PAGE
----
'Meek's Cutoff': Wagon-train tale blazes an arty trail through Oregon
A movie review of "Meek's Cutoff," a poetically spare Western about a small wagon train lost in the rocky Oregon desert. Michelle Williams stars.
Special to The Seattle Times
'Meek's Cutoff,' with Bruce Greenwood, Michelle Williams. Directed by Kelly Reichardt, from a screenplay by Jonathan Raymond. 104 minutes. Rated PG for mild violent content, smoking and brief language. Harvard Exit.
Vast and mysterious, the American West of Kelly Reichardt and Jonathan Raymond's "Meek's Cutoff" is not quite like any other landscape.
While several standard elements of traditional Westerns turn up in this follow-up to Reichardt and Raymond's "Wendy and Lucy," the tone is leisurely and frankly arty. The cumulative effect, however, can be impressive, especially when the script focuses on an Oregon wagon train's survival skills.
Three families put their trust in a mountain man, Stephen Meek (Bruce Greenwood), a blowhard who offers a short cut. The would-be settlers become increasingly challenged by the elements; a repeat of the Donner party seems possible.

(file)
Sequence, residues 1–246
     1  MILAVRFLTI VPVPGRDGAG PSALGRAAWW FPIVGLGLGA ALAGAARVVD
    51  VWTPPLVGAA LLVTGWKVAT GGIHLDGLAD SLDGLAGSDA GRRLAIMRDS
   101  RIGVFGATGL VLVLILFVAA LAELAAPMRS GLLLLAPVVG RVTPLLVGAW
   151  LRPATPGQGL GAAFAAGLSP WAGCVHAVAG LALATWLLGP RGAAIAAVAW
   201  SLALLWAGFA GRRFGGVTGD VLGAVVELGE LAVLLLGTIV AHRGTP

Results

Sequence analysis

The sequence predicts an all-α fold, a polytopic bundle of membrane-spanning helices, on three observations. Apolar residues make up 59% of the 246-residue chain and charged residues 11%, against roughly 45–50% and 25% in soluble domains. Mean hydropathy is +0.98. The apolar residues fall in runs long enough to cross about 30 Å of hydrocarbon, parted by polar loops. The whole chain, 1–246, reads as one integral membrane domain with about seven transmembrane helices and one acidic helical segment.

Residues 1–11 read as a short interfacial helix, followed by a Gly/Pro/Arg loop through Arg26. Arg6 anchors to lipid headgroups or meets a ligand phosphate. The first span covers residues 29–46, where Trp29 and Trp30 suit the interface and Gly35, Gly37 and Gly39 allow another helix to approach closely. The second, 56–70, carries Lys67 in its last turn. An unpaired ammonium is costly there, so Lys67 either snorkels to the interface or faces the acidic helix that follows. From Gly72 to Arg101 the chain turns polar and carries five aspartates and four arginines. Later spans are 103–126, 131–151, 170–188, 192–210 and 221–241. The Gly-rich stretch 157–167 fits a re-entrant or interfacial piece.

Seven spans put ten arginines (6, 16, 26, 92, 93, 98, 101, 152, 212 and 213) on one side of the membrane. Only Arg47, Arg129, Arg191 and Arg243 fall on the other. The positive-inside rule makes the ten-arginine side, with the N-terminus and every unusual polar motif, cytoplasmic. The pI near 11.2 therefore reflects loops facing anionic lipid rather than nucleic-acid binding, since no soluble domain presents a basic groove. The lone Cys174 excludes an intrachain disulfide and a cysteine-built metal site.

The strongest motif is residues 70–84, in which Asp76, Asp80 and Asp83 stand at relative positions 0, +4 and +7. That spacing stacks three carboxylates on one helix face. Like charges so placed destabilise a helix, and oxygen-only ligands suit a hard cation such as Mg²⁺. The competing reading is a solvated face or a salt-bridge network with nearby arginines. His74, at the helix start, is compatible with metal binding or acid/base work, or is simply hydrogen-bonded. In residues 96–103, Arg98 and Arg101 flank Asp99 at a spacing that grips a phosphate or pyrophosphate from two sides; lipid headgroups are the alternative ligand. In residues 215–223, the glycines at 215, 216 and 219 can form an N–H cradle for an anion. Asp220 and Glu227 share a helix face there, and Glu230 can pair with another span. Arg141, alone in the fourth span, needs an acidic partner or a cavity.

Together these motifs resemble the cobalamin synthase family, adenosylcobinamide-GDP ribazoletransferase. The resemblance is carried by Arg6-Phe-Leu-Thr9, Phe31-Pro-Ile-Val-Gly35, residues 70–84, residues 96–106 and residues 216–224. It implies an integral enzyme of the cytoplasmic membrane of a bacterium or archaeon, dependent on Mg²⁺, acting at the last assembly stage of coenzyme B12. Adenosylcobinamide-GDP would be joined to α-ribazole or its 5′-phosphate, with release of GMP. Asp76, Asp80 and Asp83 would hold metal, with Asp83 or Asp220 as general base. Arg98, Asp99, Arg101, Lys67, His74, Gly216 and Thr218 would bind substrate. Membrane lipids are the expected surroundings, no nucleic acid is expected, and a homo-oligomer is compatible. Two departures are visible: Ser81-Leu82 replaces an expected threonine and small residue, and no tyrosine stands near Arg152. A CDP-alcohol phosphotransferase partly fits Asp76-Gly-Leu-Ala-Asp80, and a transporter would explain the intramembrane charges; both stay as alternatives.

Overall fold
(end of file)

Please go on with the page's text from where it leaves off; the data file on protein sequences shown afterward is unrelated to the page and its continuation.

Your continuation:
But the filmmakers and their carefully chosen actors are more interested in creating a mood. When a Native American (Rod Rondeaux) turns up, the would-be settlers don't know whether to execute him or use him as a guide.
One wife (Michelle Williams) takes pity on him. She also wants him to "owe me something." The script's daringly open ending has everything to do with what the audience believes about this forced relationship.
Some images are reminiscent of the ethereal glow of "Days of Heaven," but there's less music, less fast editing. Instead, the filmmakers focus on the process of crossing a river or defanging a lynch mob — or maneuvering inside a vein-tightening bonnet.
John Hartl: email@example.com
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